Saint Bernard of Clairvaux writes that when Saint Gabriel announced to Mary that she had been chosen to be the Mother of God, it was as though the angels in Heaven held their breath waiting for her reply.
Prior to that moment, the angels in Heaven were well aware that the Incarnation was to occur. It is believed, however, that the angels did not know exactly how the Incarnation was to occur. Saint Maximus of Constantinople, for instance, writes: “There can be no question that the angels knew that Incarnation was to take place. But it was not given to them to trace the manner of our Lord’s conception...” Mary also knew that her Savior was coming, but like the angels, Mary did not know exactly how this was to occur.
Then, on March 25—that glorious and wonderful day—what had been shrouded in mystery since Adam’s Fall became clear. Gabriel greeted Mary and informed her that God had chosen her to be the Mother of God…if she would say “yes.” After Gabriel spoke, the angels of Heaven awaited Mary’s response.
Consider the perspective of the angels. To that point, the angels had witnessed the first woman, Eve, betray God by partaking in a sin that devastated man. And now, Mary—the New Eve—was being asked to play a role in the redemption of man.
Both women, Eve and Mary, were created without Original Sin on their souls. (Eve walked the world before sin had entered it, whereas Mary was pre-redeemed by God before her conception, thus immaculate.) Beyond that remarkable similarity, greater contrasts between Eve and Mary seem impossible.
In the Garden of Eden, Eve is motivated by pride whereas Mary is motivated by humility; Eve by love of self, Mary by love of God. Eve, in a desperate act of pride, blindly obeys a serpent; Mary, in her humility, has the vision to obey God. Eve is the co-conspirator in introducing sin and death to the world, and Mary is the co-Redemptrix in overcoming sin and death. Eve says “No” to God, and the Old Testament begins in tragedy; Mary says “Yes” to God, and the New Testament begins in triumph.
And there is no doubt about that triumph. Because Mary answered, “Be it done to Me according to thy word.”
And the angels breathed again.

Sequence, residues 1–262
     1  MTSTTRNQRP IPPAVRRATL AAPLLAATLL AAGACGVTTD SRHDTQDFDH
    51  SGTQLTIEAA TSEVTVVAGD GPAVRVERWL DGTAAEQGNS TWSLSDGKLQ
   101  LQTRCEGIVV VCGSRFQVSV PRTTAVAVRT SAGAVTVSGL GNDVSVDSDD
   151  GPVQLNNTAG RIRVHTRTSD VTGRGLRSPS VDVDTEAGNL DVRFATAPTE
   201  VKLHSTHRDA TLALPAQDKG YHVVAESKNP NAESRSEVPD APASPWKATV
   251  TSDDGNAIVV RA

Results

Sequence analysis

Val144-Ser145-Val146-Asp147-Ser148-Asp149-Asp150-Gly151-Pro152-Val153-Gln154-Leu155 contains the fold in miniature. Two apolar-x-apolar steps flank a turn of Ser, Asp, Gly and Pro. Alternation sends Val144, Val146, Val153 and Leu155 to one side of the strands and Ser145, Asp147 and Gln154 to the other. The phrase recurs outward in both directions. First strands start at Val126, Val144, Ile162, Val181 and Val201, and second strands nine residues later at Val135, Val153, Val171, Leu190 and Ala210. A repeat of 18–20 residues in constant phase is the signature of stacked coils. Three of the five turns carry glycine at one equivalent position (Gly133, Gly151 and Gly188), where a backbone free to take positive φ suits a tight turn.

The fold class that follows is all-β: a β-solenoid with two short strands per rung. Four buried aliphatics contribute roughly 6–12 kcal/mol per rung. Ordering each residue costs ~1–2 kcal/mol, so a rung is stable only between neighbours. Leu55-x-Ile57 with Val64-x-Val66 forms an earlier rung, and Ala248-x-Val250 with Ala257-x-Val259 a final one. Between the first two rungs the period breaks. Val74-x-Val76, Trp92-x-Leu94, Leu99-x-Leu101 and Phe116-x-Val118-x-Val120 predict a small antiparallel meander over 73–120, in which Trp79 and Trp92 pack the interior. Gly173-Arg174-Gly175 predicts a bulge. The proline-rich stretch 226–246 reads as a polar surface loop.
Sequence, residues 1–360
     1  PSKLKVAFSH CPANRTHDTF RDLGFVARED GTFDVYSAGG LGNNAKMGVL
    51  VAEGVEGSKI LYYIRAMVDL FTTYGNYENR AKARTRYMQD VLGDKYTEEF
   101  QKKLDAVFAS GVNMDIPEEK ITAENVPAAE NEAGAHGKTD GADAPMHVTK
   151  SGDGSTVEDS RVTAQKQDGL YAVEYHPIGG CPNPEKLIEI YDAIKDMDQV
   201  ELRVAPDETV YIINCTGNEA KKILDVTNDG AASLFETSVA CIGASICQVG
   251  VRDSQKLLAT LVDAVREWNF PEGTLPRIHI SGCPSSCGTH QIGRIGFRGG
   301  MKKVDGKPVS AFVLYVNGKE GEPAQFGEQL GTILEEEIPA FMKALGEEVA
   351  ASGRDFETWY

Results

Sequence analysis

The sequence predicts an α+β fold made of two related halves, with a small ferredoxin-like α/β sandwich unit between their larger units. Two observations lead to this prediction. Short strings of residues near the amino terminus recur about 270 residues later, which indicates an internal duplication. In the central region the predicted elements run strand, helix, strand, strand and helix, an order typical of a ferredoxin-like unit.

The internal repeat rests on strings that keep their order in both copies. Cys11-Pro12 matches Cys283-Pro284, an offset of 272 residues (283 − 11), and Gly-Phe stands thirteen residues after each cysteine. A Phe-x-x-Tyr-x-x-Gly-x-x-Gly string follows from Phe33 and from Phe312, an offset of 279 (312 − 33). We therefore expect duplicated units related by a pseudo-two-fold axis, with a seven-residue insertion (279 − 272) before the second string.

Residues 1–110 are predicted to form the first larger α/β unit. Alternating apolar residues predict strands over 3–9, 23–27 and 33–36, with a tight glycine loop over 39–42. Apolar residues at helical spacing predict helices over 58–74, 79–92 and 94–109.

At the Annunciation, Mary’s purity is evident. Mary’s faith is simple, overwhelmingly simple, in her response. Mary’s humility is clear. After Mary is told that she has found favor with God, she is astonished. Why? Saint Thomas Aquinas answers that question, explaining: “To a humble mind, nothing is more astonishing than to hear its own excellence.” In fact, when she is told she has found favor, Mary’s humility does not diminish, but seems to deepen. As St. Ambrose writes: “She calls herself His handmaid, who is chosen to be His mother, so far was she from being exalted by the sudden promise.”
Today, Catholics all over the world and in Heaven celebrate the Feast of the Annunciation. Today, we need not hold our breath, awaiting Mary’s response. We know her answer.
But it’s worth considering whether this particular feast day finds us holding own our breath, rather than offering our respond to God. Maybe your guardian angel is holding his breath, waiting for you to finally say “yes” to God. Some of us may have even stopped spiritually breathing long ago and have not yet returned to God.
Maybe some of us don’t even know the way back.
Today, however, is a reminder of how to come home. In a world obsessive with impurity, compulsive with pride, and disordered by unbelief, we need a devotion to Mary, who is pure, humble, and faithful. If we have wandered from our Father in Heaven, Mary our Mother can help us find a way back to Him.
Today, all over the world, the sacrament of Penance is being offered. Some of us have not been to Confession in many years. Some may think that it’s too hard to go, too much to endure, too much to fear. If that’s where you find yourself, ask Mary to hold your hand through the process. Ask Mary to help you start breathing again.
The Feast of the Annunciation marks the day when Mary said “Yes” to God. May today be the day we say “Yes” to Him, too. What a wonderful day to come home!
This article originally appeared March 25, 2017, at the Register.